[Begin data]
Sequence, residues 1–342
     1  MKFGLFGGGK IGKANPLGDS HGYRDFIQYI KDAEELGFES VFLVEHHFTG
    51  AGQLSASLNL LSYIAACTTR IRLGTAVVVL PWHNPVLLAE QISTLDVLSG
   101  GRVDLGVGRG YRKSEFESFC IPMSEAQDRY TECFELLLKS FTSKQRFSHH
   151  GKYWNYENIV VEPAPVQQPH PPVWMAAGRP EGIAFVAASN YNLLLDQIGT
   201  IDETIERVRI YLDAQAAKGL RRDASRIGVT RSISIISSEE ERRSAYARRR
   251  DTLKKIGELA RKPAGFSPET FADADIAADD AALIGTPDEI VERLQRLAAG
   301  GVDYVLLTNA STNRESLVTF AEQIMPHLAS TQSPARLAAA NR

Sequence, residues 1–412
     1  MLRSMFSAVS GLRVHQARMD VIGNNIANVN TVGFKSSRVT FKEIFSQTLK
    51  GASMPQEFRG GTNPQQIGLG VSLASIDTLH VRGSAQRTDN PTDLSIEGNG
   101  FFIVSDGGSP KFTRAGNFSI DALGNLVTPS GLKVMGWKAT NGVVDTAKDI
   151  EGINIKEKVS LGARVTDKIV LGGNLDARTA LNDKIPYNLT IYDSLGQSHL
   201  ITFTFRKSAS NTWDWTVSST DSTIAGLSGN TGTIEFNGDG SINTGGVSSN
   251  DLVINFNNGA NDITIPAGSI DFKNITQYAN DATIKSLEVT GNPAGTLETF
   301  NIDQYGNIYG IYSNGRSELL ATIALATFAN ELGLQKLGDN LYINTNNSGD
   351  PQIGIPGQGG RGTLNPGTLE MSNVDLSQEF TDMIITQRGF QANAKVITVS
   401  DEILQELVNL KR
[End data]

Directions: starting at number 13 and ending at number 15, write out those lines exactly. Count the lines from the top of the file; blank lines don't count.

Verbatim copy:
   151  EGINIKEKVS LGARVTDKIV LGGNLDARTA LNDKIPYNLT IYDSLGQSHL
   201  ITFTFRKSAS NTWDWTVSST DSTIAGLSGN TGTIEFNGDG SINTGGVSSN
   251  DLVINFNNGA NDITIPAGSI DFKNITQYAN DATIKSLEVT GNPAGTLETF